Iron is an important micronutrient needed in small quantities by all plants. Many vital processes such as the production of chlorophyll and nitrogen fixation depends on iron. Iron deficiency is among the most widespread nutritional deficiencies.
Iron is largely sufficient in most soil; however, its availability varies with soil conditions throughout the year and on the plants themselves. Moreover, iron becomes unabsorbable when the soil is not acidic enough.
Because iron chlorosis appears mainly in crops grown on calcareous soil, it is often called lime-induced chlorosis.
Iron is considered as an immobile micro-element, meaning that signs of iron deficiency first manifest during the stage of new growth. The main symptom will be Inter-venial chlorosis of new leaves, which means that the tissue between the veins turns yellow in color, while the veins remain green.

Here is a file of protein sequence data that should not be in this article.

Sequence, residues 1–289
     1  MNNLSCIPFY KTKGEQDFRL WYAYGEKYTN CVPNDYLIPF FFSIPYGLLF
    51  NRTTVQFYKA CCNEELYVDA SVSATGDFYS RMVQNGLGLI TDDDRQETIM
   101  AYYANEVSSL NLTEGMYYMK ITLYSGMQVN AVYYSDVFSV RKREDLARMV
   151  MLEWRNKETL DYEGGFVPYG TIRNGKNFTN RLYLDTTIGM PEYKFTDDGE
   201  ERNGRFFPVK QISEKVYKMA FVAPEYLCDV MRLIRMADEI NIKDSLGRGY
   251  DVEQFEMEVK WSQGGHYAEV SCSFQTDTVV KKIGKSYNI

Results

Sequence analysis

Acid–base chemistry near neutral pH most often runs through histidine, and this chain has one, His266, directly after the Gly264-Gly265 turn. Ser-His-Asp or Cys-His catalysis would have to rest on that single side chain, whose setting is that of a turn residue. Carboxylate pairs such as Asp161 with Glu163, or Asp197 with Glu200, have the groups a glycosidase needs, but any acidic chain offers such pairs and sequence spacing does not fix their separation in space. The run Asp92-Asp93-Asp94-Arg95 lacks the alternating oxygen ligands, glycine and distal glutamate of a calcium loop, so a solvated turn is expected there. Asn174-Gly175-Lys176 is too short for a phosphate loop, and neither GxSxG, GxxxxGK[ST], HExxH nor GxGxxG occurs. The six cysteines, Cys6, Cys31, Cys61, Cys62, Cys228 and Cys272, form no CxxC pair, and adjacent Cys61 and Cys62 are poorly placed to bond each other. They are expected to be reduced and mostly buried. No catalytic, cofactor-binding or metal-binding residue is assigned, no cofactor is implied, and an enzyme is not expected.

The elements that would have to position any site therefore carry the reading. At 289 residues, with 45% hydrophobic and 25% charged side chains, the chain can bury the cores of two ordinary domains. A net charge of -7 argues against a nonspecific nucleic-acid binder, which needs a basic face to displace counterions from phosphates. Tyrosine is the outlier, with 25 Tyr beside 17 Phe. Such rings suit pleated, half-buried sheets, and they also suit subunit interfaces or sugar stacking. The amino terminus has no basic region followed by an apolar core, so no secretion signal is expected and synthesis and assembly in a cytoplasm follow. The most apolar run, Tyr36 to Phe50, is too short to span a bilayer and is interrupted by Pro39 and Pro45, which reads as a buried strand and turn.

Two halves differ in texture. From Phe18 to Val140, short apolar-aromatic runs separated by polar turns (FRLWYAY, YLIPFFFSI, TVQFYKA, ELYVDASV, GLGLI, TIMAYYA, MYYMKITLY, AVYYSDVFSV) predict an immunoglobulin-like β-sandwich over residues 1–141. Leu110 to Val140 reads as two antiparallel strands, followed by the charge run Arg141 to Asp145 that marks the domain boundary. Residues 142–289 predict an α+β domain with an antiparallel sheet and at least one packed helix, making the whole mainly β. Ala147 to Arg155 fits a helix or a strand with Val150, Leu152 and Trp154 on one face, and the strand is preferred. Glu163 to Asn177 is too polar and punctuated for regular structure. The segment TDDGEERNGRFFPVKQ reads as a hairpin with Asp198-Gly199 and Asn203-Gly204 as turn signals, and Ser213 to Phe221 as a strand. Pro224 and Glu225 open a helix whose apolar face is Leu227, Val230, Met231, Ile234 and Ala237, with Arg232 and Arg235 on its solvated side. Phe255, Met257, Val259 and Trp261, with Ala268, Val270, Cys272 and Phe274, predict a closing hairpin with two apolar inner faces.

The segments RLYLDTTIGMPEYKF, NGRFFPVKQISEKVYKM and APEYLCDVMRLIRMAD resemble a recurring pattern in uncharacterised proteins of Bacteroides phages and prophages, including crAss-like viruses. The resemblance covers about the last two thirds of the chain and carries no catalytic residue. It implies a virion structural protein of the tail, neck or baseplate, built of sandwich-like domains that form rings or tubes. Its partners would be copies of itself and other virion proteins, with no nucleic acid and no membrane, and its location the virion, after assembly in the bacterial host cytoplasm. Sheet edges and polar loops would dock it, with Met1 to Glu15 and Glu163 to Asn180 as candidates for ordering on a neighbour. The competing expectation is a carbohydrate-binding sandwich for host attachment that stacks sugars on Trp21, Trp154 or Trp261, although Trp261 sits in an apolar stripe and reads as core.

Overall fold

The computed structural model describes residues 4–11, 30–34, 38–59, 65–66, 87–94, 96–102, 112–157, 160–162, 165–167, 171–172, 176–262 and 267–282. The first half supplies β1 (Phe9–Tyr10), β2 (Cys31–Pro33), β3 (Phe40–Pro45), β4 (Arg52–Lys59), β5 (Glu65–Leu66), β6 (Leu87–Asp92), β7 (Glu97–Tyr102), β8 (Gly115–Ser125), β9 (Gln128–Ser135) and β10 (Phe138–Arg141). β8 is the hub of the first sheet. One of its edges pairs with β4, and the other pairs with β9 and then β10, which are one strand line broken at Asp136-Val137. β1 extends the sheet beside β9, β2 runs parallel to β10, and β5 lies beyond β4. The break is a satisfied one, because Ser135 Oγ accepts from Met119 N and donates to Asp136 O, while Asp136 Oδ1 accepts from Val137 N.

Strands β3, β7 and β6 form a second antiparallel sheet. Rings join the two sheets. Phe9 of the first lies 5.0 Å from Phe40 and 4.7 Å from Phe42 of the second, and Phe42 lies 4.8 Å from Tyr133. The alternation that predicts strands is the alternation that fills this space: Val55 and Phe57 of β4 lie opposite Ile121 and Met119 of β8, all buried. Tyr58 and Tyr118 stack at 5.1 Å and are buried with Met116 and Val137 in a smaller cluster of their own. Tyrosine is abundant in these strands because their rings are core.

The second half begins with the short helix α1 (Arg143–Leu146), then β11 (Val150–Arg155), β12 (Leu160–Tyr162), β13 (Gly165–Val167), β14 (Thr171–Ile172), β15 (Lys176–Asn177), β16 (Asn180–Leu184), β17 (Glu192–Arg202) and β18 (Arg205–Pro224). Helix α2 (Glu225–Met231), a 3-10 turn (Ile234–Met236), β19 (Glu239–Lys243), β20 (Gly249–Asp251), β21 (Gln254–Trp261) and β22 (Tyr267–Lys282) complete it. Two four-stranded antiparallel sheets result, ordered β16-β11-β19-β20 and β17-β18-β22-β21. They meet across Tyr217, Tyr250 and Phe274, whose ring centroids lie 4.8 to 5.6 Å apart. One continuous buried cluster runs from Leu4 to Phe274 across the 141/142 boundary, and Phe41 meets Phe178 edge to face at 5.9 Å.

Adding Iron: An effective iron fertilizer for correcting iron chlorosis is FeEDDHA (ethylenediamine-di-o-hydroxy-pheny lacetic acid), known as Sequestrene 138 and works best when applied to the roots via an irrigation system. Sequestered iron is available to plants without adjusting the soil’s pH, which is not the case with iron sulfate – another compound that is used to treat iron deficiency.
Avoid over watering since it washes out nutrients more quickly.
Lowering pH: Besides adding iron, it is possible to acidify the soil. Sulfur, urea and organic matter, such as manure and compost, are known to help reduce soil pH.
Acidification using elemental sulfur is the quickest way to lower soil pH and is more effective when implemented into the soil than deposited on the ground surface. Beware that sulfur can also reduce soil pH to a dangerous level. While some plants function well in slightly acidic soil (pH 6.0-6.5), levels below 6 may cause damage to plants.